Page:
Sunday, March 4, 2012

FBI Chief Calls Cyberthreats Public Enemy No. 1

Cyberattacks in various forms — cybercrime, terrorist acts committed via computers and cybattacks from foreign states — will soon be the United States’ most serious threat, according to FBI Director Robert Mueller. He urged the private sector to help by sharing information with law enforcement. His remarks were made at the RSA Conference in San Francisco.

In the near future, cyberthreats will be the leading threat to the United States, FBI Director Robert Mueller warned in a speech on Thursday at the RSA Conference in San Francisco.
Traditional crime, from mortgage and healthcare fraud to child exploitation, have moved online, while terrorists have become increasingly cyber-savvy, Mueller said.

Meanwhile, law enforcement is also confronting hacktivists, organized crime, hostile foreign nations spying on the U.S. and online and mercenary hackers.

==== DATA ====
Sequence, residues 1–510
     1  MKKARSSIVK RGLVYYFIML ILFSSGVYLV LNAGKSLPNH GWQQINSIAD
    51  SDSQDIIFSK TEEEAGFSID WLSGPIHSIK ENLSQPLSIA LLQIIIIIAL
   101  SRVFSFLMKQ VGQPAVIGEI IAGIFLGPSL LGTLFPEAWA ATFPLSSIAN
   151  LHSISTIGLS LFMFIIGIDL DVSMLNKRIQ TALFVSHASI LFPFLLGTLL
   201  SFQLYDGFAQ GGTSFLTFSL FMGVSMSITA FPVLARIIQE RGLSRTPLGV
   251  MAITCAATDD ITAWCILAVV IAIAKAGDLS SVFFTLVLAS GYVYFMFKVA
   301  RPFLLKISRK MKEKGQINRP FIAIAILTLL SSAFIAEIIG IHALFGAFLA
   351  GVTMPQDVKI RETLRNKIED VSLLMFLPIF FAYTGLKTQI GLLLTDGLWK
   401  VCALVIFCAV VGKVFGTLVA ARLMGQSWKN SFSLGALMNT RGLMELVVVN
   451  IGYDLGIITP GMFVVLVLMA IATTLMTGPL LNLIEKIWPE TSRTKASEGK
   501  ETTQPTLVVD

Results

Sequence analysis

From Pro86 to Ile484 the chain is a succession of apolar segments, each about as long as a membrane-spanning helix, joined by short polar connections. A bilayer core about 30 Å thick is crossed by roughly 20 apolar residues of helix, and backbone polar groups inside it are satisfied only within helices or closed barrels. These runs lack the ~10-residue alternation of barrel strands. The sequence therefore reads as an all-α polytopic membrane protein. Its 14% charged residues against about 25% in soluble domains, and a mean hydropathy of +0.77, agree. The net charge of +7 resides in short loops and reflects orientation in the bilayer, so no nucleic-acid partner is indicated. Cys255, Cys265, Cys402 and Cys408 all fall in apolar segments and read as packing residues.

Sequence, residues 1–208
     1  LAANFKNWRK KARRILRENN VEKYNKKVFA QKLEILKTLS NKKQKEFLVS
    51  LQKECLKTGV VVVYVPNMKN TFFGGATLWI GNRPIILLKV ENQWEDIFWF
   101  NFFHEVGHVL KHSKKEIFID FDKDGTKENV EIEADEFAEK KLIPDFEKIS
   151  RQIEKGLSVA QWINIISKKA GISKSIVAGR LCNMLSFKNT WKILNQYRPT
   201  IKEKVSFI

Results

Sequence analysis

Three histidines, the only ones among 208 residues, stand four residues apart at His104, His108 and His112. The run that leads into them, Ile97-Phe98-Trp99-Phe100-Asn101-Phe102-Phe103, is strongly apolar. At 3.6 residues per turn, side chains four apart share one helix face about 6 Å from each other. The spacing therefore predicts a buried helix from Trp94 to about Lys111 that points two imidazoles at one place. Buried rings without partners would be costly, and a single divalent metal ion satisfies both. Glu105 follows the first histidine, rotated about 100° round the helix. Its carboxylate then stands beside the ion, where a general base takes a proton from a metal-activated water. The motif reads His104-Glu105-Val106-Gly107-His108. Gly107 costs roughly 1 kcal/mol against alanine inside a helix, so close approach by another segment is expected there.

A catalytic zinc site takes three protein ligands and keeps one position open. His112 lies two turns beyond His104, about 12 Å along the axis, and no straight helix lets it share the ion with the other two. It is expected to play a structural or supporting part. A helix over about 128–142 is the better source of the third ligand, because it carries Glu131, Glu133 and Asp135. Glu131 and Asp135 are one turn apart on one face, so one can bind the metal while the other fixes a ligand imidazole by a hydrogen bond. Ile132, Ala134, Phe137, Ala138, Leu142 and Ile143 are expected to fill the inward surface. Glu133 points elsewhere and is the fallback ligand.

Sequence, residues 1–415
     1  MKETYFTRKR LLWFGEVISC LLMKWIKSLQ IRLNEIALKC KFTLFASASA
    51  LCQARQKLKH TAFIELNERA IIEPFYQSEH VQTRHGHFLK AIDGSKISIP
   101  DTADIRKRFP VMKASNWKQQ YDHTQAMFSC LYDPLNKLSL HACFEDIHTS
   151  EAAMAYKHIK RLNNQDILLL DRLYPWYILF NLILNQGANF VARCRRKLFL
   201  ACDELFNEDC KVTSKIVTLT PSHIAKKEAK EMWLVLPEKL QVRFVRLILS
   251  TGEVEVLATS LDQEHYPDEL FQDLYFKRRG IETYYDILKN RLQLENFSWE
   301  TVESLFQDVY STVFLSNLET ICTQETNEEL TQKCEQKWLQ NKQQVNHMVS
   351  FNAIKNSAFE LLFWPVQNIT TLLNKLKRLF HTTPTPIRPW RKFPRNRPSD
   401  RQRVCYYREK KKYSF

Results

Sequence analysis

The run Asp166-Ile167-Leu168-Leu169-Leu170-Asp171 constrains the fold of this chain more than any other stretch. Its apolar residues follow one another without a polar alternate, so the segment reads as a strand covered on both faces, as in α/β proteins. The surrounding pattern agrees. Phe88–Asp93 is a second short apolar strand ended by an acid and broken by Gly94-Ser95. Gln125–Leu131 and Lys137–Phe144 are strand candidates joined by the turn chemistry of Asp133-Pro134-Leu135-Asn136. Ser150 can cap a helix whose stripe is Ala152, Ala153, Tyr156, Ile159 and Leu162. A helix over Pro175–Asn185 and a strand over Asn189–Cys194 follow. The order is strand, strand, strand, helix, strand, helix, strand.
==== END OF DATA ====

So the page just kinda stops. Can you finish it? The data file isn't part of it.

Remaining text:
Law enforcement needs to take lessons learned from fighting terrorism and apply them to cybercrime, he stated.

While the FBI has built up substantial expertise to deal with cyberthreats, it needs help from the private sector, Mueller said, repeating his often-made call for companies to be forthright about reporting data breaches.

“With cyberterrorism, there are fewer high-impact targets that likely have sophisticated defenses,” Tim Keanini, chief technology officer at nCircle, told TechNewsWorld. “Cybercrime, on the other hand, has become an actual business model with countless targets.”

Cybercrime “has had magnitudes more bite than cyberterrorism for a long time now,” mused Randy Abrams, an independent security consultant.

The Rise of the Terrorist in Cyberspace

Terrorist organizations are using the Internet to grow and connect with each other, and they are doing so openly, Mueller said.           More